Syria affirms withdrawal intentions

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Sunday, March 13, 2005 UN special envoy Terje Roed-Larsen said in a telephone interview Saturday from Beirut that Syrian President Bashar al-Assad made "a firm commitment" for a two-stage pull out of forces in Lebenon. Roed-Larson met with the leader at his Aleppo home late last week for talks on Syrian intentions of following the UN Security Council Resolution 1559.

The US and French backed resolution calls for the complete withdrawal of Syrian forces from Lebanon and reaffirms Lebanon's sovereignty and independence. It is hoped that the withdrawal will be completed prior to the Lebanese election scheduled for early May.

A complete plan and time table for full withdrawal is not yet known. White House national security advisor, Stephen Hadley, said the United States is waiting for details of the meeting with the special envoy. According to a report in the Washington Post, the first part of a pull-out calls for one third of the troops to be either removed or relocated into eastern Bekaa Valley and to shut down intelligence headquarters in Beirut by the end of March. Then on April 7, a Lebanese-Syrian military commission will meet to discuss the removal of additional forces.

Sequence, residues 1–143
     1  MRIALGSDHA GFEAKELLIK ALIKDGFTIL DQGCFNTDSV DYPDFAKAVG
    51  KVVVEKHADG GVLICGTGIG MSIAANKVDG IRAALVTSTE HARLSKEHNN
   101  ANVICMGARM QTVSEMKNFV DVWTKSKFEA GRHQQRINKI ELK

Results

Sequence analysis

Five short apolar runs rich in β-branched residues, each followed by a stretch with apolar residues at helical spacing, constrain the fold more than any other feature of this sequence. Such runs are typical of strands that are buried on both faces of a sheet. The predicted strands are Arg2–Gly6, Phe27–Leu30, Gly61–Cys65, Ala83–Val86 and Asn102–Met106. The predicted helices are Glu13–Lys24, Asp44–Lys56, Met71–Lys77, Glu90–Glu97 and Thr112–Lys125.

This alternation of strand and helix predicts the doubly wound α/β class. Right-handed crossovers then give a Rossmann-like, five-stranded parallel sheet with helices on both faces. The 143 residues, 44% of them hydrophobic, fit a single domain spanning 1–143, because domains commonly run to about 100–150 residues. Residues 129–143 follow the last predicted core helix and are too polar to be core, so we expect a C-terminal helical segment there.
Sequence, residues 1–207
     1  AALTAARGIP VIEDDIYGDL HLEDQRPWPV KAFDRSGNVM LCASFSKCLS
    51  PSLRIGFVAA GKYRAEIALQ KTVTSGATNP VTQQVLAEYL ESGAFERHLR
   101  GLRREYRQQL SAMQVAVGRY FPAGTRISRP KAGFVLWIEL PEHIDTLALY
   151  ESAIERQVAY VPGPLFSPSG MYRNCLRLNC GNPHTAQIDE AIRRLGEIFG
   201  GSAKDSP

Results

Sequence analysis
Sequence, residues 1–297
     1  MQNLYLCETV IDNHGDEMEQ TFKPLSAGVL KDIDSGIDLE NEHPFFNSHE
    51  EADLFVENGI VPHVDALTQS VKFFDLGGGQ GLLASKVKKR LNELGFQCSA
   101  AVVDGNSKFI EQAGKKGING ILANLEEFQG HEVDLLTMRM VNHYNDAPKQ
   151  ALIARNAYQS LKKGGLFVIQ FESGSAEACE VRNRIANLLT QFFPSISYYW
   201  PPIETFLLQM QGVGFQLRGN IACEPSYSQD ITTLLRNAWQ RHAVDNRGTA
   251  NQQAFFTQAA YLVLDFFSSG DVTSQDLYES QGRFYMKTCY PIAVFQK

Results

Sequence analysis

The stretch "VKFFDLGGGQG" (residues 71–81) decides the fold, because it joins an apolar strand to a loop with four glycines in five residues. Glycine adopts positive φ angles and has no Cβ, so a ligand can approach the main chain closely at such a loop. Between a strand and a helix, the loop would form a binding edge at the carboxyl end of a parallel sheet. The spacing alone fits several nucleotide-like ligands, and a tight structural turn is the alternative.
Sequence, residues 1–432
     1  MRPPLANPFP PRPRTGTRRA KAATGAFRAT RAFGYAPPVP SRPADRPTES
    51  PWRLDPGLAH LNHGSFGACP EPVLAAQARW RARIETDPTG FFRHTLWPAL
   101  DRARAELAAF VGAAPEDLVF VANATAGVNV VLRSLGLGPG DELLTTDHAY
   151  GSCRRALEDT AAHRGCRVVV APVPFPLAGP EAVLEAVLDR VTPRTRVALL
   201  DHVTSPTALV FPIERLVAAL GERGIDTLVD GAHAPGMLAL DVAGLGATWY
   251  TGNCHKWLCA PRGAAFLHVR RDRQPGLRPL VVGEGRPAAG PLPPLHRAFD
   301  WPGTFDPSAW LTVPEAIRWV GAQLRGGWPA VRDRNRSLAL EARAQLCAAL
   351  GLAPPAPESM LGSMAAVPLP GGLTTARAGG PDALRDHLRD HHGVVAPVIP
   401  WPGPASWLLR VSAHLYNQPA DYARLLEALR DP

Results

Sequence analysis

The Washington administration seems prepared to accept a Syrian withdrawal in phases, but is cautious of al-Assad's pledges. Hadley said on a 'Fox News Sunday' broadcast interview: "In the end of the day, it's going to be deeds, not words, that matter."

The assassination of Lebanese former Prime Minister Rafik Hariri on Feb. 14 galvanized anti-Syrian opposition and foreign pressure that was calling for an end to the Syrian presence. It is estimated their total military force is now 15,000, with an additional 5,000 intelligence assets, down from a high of 40,000 during years of Syrian involvement. Syria occupied Lebanon beginning in 1976 when the country was at civil war. Associated Press and US intelligence reported significant troop movements out of Lebanon beginning in earnest last week amid differing protest groups in Beirut who marched both for, and alternately against, the Syrian involvement.

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